Tuesday 22 October 2019

Two charged over death of boy in HSE care

Tom Tuite

TWO men were charged yesterday with the murder of teenager Daniel McAnaspie, who died after he went missing from state care last year.

The 17-year-old from Dublin had gone missing from his accommodation on February 25, 2010. His body was discovered dumped in a drain in farmland in Rathfeigh in Co Meath on May 13, 2010.

Trevor Noone (23) and Richard Dekker (25), both with addresses at Whitestown Avenue, Mulhuddart, Dublin, were brought before Blanchardstown District Court yesterday, charged with the murder of Daniel at Tolka Valley Park, Blanchardstown, on February 26, 2010.

Detective Garda Patrick MacDonagh told Judge John Lindsay that Mr Noone had been arrested yesterday morning and that he replied "No" when the charge was put to him.


Detective Sergeant Dan Callaghan said he arrested Mr Dekkar at his home at Whitestown Avenue on Thursday night, adding: "He made no response to the charge after caution."

The judge remanded both men in custody to appear again at Cloverhill District Court on December 21.

The men, who were granted legal aid, remained silent during the brief proceedings. They were not required to speak.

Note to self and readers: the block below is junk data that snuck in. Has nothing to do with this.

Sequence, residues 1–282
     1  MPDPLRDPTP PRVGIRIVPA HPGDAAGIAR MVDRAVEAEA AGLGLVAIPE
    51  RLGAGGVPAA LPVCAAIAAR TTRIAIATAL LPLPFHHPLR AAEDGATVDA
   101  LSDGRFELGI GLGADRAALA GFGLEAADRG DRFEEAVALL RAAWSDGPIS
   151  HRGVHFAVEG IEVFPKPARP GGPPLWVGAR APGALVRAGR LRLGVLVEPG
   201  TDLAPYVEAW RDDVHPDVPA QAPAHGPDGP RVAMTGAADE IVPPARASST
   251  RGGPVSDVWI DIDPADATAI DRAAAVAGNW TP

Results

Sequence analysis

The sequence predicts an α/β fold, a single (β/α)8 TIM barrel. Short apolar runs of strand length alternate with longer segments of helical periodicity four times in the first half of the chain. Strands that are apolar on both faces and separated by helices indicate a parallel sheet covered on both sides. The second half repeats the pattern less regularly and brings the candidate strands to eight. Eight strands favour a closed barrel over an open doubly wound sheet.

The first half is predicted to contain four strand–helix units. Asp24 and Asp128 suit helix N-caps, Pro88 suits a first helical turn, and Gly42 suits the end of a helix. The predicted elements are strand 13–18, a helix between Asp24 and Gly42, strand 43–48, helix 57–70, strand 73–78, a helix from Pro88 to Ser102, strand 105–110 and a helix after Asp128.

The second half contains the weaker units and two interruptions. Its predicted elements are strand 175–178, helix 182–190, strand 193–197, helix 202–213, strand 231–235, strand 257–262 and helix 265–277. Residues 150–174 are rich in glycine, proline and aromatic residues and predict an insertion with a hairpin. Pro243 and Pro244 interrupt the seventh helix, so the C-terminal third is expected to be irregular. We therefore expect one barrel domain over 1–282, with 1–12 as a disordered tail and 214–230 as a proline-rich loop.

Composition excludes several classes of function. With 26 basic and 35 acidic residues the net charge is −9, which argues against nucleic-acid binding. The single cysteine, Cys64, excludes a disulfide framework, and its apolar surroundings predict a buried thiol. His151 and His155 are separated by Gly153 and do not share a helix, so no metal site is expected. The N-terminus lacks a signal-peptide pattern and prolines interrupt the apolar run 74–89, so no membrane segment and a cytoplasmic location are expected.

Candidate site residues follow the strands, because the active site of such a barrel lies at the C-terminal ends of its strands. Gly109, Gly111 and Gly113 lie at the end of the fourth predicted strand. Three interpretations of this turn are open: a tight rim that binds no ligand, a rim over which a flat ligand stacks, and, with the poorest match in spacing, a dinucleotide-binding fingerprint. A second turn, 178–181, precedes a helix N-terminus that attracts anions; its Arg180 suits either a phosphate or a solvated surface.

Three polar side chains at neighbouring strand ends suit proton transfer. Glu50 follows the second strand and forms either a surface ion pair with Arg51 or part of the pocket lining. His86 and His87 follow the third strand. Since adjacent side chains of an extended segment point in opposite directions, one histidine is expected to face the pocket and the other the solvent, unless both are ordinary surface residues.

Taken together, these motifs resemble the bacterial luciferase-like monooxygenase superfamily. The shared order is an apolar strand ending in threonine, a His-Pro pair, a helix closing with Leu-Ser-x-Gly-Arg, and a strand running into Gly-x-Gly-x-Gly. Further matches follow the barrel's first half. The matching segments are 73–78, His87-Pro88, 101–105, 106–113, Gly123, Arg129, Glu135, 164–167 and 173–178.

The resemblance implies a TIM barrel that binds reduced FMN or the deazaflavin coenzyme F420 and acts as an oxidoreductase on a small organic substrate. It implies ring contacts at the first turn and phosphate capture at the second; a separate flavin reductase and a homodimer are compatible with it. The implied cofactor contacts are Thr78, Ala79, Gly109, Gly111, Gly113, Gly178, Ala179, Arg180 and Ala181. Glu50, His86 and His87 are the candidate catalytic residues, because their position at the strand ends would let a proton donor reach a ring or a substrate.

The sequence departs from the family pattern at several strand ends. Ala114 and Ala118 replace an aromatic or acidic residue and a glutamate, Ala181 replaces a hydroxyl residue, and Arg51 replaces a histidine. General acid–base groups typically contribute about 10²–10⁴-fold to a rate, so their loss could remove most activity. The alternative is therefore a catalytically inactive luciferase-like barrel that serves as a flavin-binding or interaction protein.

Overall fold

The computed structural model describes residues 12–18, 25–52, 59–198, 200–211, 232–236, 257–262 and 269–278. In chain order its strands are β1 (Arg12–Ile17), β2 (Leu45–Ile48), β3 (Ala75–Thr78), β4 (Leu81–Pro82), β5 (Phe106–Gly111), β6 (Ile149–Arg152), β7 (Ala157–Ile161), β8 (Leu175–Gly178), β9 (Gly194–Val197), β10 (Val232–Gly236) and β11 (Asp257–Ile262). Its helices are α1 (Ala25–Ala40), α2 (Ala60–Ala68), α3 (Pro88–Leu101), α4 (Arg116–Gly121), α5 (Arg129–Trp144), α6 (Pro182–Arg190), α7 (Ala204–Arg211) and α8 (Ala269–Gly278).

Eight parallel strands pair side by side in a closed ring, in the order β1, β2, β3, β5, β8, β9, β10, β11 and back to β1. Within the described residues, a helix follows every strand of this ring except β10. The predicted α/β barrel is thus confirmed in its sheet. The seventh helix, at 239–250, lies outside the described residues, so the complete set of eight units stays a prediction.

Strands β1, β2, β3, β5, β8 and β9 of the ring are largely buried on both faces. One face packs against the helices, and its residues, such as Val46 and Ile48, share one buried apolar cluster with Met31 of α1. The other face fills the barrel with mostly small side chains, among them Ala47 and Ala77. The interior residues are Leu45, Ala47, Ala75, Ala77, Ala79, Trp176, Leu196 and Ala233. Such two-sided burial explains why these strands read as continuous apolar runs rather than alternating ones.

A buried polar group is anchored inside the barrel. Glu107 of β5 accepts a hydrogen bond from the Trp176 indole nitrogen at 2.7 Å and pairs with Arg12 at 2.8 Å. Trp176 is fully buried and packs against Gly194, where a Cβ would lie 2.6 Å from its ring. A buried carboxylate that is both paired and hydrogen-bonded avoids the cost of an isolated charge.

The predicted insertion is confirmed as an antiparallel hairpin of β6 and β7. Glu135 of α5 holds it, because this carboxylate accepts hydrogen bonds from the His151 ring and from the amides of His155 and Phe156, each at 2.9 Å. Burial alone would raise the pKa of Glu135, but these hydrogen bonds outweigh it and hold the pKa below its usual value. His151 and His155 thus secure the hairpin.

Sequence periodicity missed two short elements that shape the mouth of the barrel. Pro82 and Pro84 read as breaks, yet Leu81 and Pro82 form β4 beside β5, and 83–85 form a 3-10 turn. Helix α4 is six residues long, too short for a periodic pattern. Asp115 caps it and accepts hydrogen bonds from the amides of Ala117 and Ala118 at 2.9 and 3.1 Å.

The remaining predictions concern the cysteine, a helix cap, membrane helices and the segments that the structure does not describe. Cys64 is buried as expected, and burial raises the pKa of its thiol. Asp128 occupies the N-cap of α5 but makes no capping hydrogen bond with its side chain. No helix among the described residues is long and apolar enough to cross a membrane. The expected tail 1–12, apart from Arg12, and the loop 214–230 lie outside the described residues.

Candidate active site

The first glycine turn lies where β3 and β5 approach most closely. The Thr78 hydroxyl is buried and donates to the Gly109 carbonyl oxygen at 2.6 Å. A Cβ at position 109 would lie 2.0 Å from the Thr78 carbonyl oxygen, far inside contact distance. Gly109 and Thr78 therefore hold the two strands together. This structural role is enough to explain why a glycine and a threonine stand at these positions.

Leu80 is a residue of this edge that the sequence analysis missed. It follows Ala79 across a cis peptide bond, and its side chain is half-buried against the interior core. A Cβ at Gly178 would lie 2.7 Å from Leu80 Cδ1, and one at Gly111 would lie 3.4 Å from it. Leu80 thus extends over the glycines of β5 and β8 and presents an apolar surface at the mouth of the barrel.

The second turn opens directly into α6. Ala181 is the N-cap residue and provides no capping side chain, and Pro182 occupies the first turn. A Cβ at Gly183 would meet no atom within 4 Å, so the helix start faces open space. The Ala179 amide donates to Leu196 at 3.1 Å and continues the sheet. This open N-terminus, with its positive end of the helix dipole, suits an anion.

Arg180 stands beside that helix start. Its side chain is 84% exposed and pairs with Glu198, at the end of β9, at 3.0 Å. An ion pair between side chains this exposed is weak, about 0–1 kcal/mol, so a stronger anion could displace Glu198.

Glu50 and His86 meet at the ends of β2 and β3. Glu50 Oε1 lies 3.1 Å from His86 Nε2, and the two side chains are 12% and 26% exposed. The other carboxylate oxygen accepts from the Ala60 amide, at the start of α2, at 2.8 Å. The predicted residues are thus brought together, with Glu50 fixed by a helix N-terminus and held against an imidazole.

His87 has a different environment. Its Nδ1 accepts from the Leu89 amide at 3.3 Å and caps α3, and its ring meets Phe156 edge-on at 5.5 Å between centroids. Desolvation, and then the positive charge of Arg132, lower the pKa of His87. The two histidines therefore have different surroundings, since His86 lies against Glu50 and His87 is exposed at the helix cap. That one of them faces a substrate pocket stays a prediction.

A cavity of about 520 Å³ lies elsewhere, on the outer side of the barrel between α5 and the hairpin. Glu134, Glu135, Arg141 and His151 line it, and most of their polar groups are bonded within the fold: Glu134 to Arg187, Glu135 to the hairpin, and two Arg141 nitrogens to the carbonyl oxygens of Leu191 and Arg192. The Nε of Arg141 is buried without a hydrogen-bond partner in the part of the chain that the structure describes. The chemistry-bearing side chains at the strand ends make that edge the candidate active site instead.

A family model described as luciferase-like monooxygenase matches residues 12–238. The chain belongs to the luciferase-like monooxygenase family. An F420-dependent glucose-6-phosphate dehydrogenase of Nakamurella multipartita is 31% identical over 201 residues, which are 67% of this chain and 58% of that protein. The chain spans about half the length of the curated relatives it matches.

Mr Dekker was heckled as he was led from the courtroom.

Daniel's body was found three months after he had gone missing while in state care. A post-mortem found that he had been stabbed to death.

On Thursday, the High Court ruled that Health Service Executive files on Daniel could be released to his family.

His sister Cathriona McAnaspie had argued that some of the HSE reports could explain how Daniel had been cared for before his death.

She had sought access to reports written about her brother by his guardian, who had been appointed by a court when Daniel first went into HSE care in 2005.

Ms McAnaspie said she was seeking the reports because she considered they might reveal that the health authorities had failed in their obligation to take measures to avoid harm coming to children such as Daniel.

She also believed that the reports might reveal that his death could have been avoided, and that they could assist her in getting an inquiry into the circumstances leading to his death.

Irish Independent

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